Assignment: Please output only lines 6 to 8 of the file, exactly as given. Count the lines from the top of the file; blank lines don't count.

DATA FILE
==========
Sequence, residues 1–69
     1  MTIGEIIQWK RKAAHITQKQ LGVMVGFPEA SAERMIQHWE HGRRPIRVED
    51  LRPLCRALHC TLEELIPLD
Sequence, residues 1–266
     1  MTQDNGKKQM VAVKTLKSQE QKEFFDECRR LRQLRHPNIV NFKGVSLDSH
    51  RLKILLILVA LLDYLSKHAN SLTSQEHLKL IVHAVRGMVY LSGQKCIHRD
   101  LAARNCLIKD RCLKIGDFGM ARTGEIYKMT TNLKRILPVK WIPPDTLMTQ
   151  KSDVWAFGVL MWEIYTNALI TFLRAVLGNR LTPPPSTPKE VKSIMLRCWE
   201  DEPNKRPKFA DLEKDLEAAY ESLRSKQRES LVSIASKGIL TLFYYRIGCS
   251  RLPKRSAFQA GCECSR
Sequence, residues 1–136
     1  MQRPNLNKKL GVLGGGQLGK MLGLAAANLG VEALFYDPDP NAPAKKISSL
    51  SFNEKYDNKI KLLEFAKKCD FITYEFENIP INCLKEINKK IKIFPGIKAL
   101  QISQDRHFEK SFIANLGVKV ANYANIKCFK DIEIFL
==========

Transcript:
    51  RLKILLILVA LLDYLSKHAN SLTSQEHLKL IVHAVRGMVY LSGQKCIHRD
   101  LAARNCLIKD RCLKIGDFGM ARTGEIYKMT TNLKRILPVK WIPPDTLMTQ
   151  KSDVWAFGVL MWEIYTNALI TFLRAVLGNR LTPPPSTPKE VKSIMLRCWE